June 24, 2007
June 24, 2007
June 27, 2007
12.995.1 - 12.995.8
Katrina - An Internship Opportunity
Hurricane Katrina has been identified as one of the costliest and deadliest natural disasters in recent United States (U.S.) history. On August 29, 2005 the Gulf Coast from southeastern Louisiana to the panhandle of northern Florida devastatingly changed in less than 24 hours. The most significant damage occurred along the Mississippi coast. The resulting storm surge caused catastrophic damage to commercial and residential dwellings, electrical and gas utilities, water and sewer utilities, highway infrastructures as well as telecommunications infrastructures.
The lack of any communications proved to be a desperate need for everyone. In response to this need, a volunteer organization known as RadioResponse.org was developed. In addition to volunteers, telecommunication companies donated many different types of equipment to support the effort. Initially, the organization was staffed by communication specialists from around the country to design, build, and deploy a Wireless Internet Service Provider (WISP) network in the most severely impacted area, Hancock County, Mississippi. Once the WISP was established, the volunteers left the area, but a continuing need occurred to maintain and expand the WISP network. A request from the Hancock County civil defense for technical support allowed students at a local university’s Information Technology program to fulfill the program’s internship requirements as well as provide a greatly needed public service.
It is anticipated that the information presented in this paper evidences the importance of inter- agency collaboration. Furthermore, this paper provides a perspective on the implementation of an internship program and suggests modifications to the internship requirements to respond to catastrophic events in local areas. Therefore, the content of this paper could be used as an educational experience for students and professionals that are trying to integrate internship experiences into an undergraduate curriculum.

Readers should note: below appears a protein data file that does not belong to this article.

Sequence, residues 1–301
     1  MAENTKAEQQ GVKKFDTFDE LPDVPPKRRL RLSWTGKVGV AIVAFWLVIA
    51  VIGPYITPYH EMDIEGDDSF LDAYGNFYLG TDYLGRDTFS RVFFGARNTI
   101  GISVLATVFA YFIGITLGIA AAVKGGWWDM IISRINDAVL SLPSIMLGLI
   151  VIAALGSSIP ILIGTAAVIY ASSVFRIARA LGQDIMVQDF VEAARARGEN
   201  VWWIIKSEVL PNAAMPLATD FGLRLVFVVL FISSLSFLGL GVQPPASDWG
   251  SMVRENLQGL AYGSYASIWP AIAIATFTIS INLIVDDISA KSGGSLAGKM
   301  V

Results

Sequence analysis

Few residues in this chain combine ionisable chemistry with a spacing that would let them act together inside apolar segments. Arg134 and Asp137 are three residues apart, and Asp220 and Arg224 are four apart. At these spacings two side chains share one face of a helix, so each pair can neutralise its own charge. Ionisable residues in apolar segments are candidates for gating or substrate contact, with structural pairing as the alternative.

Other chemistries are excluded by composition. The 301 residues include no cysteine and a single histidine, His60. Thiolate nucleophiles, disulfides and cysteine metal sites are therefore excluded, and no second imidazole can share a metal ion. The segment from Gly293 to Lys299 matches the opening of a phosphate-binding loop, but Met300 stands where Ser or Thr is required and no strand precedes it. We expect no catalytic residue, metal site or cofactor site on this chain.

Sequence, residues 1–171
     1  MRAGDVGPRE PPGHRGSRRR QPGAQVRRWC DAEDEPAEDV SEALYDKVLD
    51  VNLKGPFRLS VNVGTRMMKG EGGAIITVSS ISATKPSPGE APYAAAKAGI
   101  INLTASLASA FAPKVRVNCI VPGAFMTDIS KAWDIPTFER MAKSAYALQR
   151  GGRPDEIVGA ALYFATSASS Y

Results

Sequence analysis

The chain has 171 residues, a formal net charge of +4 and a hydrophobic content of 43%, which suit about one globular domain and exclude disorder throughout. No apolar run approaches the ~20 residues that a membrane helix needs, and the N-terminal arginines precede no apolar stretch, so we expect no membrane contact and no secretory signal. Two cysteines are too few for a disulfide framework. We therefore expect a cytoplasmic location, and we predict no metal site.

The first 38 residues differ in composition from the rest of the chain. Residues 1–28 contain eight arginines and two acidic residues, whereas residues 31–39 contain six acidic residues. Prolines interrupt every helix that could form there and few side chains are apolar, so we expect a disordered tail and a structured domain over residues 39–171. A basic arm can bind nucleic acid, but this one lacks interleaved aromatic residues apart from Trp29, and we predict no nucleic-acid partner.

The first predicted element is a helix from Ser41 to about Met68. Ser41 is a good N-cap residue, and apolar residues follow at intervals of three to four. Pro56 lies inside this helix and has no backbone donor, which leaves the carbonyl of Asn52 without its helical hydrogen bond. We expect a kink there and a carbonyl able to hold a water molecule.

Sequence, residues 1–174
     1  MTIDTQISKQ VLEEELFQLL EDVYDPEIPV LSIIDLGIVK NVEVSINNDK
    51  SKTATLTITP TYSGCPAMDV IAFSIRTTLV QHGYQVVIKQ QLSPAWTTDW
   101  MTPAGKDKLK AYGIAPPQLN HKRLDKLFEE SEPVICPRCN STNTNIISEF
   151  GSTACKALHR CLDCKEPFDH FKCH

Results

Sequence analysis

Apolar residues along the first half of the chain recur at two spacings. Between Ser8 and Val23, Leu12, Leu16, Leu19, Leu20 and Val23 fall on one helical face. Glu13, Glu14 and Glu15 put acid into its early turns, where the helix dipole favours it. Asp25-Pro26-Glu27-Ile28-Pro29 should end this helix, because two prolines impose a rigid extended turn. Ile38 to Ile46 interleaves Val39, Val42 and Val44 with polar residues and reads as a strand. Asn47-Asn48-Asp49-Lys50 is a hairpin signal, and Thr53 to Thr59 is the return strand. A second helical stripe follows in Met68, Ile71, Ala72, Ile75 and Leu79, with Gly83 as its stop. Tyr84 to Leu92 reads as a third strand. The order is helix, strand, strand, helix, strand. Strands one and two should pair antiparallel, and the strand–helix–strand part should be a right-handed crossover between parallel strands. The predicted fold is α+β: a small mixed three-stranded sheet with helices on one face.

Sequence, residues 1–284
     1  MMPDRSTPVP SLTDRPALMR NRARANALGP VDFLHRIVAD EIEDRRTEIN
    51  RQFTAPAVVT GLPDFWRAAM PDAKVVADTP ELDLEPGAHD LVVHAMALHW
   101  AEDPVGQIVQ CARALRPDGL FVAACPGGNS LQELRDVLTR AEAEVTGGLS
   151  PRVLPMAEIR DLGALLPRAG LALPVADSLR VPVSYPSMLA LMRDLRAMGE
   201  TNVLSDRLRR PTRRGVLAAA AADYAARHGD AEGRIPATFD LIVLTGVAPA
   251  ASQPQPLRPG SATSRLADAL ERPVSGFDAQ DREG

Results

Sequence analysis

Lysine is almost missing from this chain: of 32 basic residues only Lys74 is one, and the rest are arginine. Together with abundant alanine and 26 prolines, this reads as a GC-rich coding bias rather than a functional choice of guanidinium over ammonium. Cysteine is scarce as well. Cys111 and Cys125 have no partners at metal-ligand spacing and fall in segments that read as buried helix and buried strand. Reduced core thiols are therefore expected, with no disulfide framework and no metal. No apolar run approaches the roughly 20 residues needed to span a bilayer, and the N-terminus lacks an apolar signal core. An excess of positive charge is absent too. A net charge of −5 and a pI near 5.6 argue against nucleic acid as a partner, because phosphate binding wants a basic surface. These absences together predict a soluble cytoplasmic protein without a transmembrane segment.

Overview of the Unprecedented Storm
Hurricane Katrina stormed onto the Mississippi Gulf Coast on August 29, 2005 causing severe damage across all of south Mississippi and portions of Alabama and Louisiana. While most people associate Hurricane Katrina with the decimation of New Orleans, the city was not destroyed by a direct hit from Hurricane Katrina; instead, the city was impacted by high water from Lake Pontchartrain breaking the levees that surround the city. Katrina made its way on shore in the early morning hours at the twin coastal cities of Waveland and Bay St. Louis, Mississippi. It lashed the shores with winds and waves for more than 6 hours. At an overpass of Interstate-10, more than 6 miles inland, waterlines reached 20 feet above sea level. In the Gulfport, Mississippi harbor, containers from moored ships road the crest of waves and slammed into everything in their path. The off-shore casinos of Biloxi which once resided just a few feet over the gulf were deposited in the middle of nearby thoroughfares.
After the storm, governors, congressional delegations, FEMA and The President were assailed for their failure to respond to the needs of citizens in the affected areas. FEMA was, and still is,
Houston, S., & Walters, B., & Sulbaran, T. (2007, June), Katrina – An Internship Opportunity Paper presented at 2007 Annual Conference & Exposition, Honolulu, Hawaii. 10.18260/1-2--2048
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